Clinical features of MTX toxicity are predominantly gastrointestinal, haematological and renal.
The earliest effects are on the gastrointestinal tract with mucositis, stomatitis, nausea, vomiting and diarrhoea. These may still be delayed by some days in some patients.
This occurs with a lag of 7-10 days and leukopenia and thrombocytopenia from methotrexate poisoning may be profound. These usually recover within 2 weeks when methotrexate is used in therapeutic doses but recovery may be further delayed in overdoses. Pancytopenia can occur within 2 weeks.
A rise in transaminases is very frequently observed. This acute hepatitis does not lead to chronic cirrhosis (c.f. hepatic fibrosis associated with chronic methotrexate poisoning). Hepatitis is not usually clinically severe.
Renal failure occurs and may be due to precipitation of methotrexate in the renal tubules. This occurs with high renal concentrations, particularly at acidic urine pH. Thus maintenance of good urine output and mild alkalinisation of the urine is recommended.
Neurotoxicity is not expected with oral ingestions of methotrexate as methotrexate is water soluble and crosses the blood brain barrier poorly. A number of neurotoxic reactions have occurred with intrathecal methotrexate. Neurological features are seizures and acute focal neurological dysfunction.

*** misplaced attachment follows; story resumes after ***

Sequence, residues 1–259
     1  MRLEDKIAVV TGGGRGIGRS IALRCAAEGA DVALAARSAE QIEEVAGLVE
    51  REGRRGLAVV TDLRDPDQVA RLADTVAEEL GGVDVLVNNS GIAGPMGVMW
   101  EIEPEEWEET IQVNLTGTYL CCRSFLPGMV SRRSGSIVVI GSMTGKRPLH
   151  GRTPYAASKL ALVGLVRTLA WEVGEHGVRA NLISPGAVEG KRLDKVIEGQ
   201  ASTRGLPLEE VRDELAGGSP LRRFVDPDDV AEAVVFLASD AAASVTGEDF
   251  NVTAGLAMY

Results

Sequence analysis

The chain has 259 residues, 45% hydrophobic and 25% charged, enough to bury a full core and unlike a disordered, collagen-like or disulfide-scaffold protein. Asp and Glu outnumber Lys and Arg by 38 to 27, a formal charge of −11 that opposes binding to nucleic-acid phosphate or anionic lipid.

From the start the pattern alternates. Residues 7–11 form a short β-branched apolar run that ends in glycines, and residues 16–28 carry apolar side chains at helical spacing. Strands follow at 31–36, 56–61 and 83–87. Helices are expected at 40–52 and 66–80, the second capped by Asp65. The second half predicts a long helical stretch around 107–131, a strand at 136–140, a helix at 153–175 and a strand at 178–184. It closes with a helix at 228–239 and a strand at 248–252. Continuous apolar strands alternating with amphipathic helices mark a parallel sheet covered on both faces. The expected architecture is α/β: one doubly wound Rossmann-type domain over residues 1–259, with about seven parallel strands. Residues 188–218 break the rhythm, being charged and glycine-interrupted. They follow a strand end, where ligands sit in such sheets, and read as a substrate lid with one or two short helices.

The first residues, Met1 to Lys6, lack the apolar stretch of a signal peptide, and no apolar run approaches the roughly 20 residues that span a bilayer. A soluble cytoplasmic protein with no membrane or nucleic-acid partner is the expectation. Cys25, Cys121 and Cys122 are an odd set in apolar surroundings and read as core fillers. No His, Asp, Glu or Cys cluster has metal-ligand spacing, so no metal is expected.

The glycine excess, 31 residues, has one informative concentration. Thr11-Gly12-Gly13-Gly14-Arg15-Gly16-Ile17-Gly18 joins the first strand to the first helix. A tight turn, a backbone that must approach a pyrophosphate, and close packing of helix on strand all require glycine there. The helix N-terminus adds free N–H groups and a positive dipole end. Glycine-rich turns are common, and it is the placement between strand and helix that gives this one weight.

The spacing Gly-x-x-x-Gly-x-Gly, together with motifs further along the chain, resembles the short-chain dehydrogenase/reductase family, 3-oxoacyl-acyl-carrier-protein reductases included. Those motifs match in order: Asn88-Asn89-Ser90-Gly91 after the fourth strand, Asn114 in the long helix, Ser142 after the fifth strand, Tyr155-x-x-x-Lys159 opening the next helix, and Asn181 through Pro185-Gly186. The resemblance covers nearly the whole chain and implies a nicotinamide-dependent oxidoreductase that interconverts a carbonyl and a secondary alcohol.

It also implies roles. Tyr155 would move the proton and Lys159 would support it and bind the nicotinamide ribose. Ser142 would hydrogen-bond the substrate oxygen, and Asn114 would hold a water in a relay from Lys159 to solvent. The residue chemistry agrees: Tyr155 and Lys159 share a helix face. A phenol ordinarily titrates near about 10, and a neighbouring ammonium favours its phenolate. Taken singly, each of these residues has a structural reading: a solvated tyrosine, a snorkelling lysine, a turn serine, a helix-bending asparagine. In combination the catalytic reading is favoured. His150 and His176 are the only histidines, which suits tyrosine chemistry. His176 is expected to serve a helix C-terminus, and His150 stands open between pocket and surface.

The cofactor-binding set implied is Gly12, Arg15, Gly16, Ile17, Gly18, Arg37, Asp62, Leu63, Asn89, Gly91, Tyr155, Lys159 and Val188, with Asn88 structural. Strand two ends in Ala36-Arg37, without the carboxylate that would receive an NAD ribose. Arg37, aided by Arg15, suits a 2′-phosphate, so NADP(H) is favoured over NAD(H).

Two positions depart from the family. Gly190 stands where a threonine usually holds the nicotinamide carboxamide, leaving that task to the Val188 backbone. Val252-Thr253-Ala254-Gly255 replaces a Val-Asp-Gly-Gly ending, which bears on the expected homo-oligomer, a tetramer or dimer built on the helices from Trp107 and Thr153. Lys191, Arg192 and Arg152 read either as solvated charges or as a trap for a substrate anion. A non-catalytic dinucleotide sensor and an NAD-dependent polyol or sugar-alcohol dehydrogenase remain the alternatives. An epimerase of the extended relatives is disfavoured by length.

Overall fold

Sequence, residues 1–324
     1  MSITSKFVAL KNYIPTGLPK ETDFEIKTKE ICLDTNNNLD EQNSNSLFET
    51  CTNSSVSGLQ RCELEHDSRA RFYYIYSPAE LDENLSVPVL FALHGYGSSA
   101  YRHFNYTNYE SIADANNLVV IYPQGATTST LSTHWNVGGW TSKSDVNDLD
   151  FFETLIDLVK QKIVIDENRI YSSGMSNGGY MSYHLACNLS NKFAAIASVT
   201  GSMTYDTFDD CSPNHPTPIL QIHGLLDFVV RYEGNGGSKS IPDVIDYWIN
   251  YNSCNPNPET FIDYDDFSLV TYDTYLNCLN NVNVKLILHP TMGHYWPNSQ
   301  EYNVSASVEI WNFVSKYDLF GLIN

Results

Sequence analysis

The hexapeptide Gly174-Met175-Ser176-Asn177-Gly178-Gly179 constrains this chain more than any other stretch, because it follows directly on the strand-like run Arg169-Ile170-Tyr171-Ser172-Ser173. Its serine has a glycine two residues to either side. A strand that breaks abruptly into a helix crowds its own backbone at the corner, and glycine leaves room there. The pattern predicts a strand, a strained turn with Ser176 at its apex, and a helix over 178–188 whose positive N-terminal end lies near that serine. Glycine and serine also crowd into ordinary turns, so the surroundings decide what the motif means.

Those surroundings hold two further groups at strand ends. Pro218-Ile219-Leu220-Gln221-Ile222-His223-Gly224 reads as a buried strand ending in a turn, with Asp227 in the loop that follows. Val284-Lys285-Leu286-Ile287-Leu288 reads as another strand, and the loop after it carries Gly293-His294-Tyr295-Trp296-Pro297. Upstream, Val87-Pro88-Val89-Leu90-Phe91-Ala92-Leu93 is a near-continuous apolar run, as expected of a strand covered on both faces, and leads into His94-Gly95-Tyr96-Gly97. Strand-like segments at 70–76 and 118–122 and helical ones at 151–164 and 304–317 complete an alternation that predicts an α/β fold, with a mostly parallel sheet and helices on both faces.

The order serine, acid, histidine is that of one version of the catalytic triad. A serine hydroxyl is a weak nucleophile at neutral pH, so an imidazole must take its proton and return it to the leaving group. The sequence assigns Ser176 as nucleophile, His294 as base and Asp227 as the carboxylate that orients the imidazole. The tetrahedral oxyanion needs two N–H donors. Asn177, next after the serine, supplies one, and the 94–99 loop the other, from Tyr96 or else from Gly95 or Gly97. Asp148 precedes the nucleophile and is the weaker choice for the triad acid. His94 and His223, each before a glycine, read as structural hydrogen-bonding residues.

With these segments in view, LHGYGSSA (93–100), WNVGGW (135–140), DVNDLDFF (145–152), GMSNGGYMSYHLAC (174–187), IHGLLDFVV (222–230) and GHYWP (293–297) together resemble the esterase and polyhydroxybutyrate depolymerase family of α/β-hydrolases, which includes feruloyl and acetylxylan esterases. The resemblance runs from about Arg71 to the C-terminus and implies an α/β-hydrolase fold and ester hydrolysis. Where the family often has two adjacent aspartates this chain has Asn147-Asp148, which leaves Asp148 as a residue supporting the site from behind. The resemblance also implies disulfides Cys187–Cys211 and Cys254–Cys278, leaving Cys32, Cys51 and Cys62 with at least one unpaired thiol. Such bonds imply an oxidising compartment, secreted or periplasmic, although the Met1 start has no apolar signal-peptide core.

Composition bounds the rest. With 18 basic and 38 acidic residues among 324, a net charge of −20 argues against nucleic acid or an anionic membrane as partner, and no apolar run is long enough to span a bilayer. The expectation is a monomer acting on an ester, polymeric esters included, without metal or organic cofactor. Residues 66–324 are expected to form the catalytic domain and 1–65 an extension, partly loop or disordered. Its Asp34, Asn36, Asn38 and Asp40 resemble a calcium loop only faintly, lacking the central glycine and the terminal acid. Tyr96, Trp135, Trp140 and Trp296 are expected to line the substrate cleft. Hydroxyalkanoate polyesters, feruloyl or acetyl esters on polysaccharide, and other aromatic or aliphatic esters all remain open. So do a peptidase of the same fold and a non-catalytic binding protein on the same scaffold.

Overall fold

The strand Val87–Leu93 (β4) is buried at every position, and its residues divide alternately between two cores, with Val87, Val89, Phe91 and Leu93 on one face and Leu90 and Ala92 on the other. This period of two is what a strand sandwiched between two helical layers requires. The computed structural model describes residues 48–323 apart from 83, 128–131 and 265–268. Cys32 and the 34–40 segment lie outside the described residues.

Pneumonitis has been reported with chronic methotrexate use but not with acute overdose. Rashes are frequently reported in acute overdose. Methotrexate is embryotoxic and teratogenic.
Apart from severe renal failure patients, severe MTX toxicity has not been described following acute oral overdose. Patients with dehydration, renal impairment, large ingestions (>500 mg in adults or >2 mg/kg in children) or inadvertent daily dosing should all be referred for assessment and management.
Acute ingestions by adults of greater than 500 mg are extremely unusual, as this is the dose contained in one full bottle. Similarly, accidental paediatric ingestion of more than 20-30 mg is rare. Parenteral MTX doses of less than 1 g/m2 are not treated by oncologists with folinic acid. There is no feasible acute oral overdoses that is likely to provide a bioavailable dose even close to 1 g/m2. It is likely that the poor bioavailability following oral administration, especially following overdose, affords greater protection.
Following high dose parenteral MTX therapy, plasma MTX is predictive of risk of toxicity and a nomogram is used to guide the need for folinic acid rescue. Concentrations greater than 10 micromole/L at 24 hours, >0.1 micromole/L at or above 48 hours indicate a need for folinic acid rescue.